Among the bathtubs and the washbasins
A thousand mushrooms crowd to a keyhole."
"A Disused Shed in Co. Wexford". Derek Mahon.
Irish poet Derek Mahon dedicated the haunting poem quoted above to J.G. Farrell, author of "Troubles". It is a marvelous poem that pays tribute to an absolutely marvelous book; one of the finest books I have read in recent memory.
Farrell, born in Liverpool in 1935 is best-remembered for three books. "Troubles", "The Siege of Krishnapur" (which won Farrell the U.K.'s 1973 Booker Prize), and "The Singapore Grip". Shortly after publication of "The Singapore Grip" Farrell moved to Ireland. He died a few months later when, apparently while fishing, he was swept out to sea and drowned, at age 44. Each of these three books, known collectively as the "Empire Trilogy, is set during a time of crisis in what was once the British Empire. "The Siege of Krishnapur" is set in India during the Indian Rebellion of 1857 and "The Singapore Grip" is set in Singapore at the beginning of World War II at the time of the Japanese attack and occupation of Singapore.
"Troubles" takes place in the Irish countryside in 1920, at the height of the turbulence that resulted in the creation of the Irish Republic and the eventual partition of Ireland. The protagonist, the English Major Brendan Archer, is a survivor of the Great War. Upon his demobilization Archer decides to travel from his home in London to Ireland in order to finalize his relationship with Angela Spencer, a young lady he met and perhaps became engaged to, while on leave during the war. Angela's father runs what was once a grand hotel, The Majestic, and Archer finds himself immediately swept up in the collapse of what was once a thriving Anglo-Irish community in Ireland. The Majestic is a mess; it is rotting from within in much the same way that English dominion in Ireland is rotting from without. "Troubles" looks both at the isolated, and fairly bizarre world of the inhabitants of the Majestic while the Irish rebellion creeps closer and closer to intruding on their world.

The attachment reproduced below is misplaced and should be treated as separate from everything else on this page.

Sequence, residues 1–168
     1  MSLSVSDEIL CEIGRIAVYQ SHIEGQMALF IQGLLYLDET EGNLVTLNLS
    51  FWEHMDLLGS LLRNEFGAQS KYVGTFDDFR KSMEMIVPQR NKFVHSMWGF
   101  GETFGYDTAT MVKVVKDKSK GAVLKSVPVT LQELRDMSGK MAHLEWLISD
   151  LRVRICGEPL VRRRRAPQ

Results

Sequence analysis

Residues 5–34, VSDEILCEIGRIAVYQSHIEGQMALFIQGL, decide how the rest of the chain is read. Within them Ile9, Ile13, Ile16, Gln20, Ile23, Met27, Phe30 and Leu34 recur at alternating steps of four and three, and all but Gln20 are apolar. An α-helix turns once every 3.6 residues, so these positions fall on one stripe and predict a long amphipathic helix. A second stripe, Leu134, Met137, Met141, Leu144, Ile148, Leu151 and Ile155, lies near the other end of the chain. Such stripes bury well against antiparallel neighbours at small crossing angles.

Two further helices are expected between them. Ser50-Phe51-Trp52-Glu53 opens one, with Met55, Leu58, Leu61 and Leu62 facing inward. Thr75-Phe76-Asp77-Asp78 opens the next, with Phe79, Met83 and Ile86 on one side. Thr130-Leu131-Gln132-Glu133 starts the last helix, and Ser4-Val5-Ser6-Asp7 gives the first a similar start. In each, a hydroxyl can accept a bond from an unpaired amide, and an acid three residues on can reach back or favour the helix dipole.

"Troubles" is an admirable and sometimes uncomfortable mixture of drama and comedy. Some have compared the comedic elements of "Troubles" to the best of Evelyn Waugh and the comparison is certainly apt. I'd only add that Farrell's dark humor is tinted with an element of semi-tragic slapstick such that, given its hotel setting, I could not help but be reminded of John Cleese's "Fawlty Towers". Yet, at the same time, there is an ineffable sadness that permeates the story. Major Archer, whose wartime experiences are only hinted at, is portrayed as a well-intentioned but singularly ineffectual protagonist. He sees the physical rot that surrounds him but is powerless to stop it. He falls in love but his pining and puppy dog-like attempts at courting are rebuffed with so much condescension that I could only wonder why he continued to bother.
I echo the two previous reviewers who have warned readers to save John Banville's brief, but powerful, Introduction to "Troubles" until after they have read the book. Banville reveals a critical spoiler that once read is impossible to forget. By the time I was halfway through the book I was sure that my advance knowledge of a critical event at the conclusion would detract from the pleasure I would have had if I hadn't seen it coming. I urge readers to save the Introduction until after they have actually read the book.
J.G. Farrell's "Troubles" is a wonderful book and I can say nothing more but urge anyone interested in `discovering' a wonderful writer to start with this book. I also suggest that once you've read the book you look up Mahon's poem (cited above) that was dedicated to Farrell. In many respects that poem serves as both a great tribute and a wonderfully crafted review of a book and the meaning one can glean from it. Highly recommended. L. Fleisig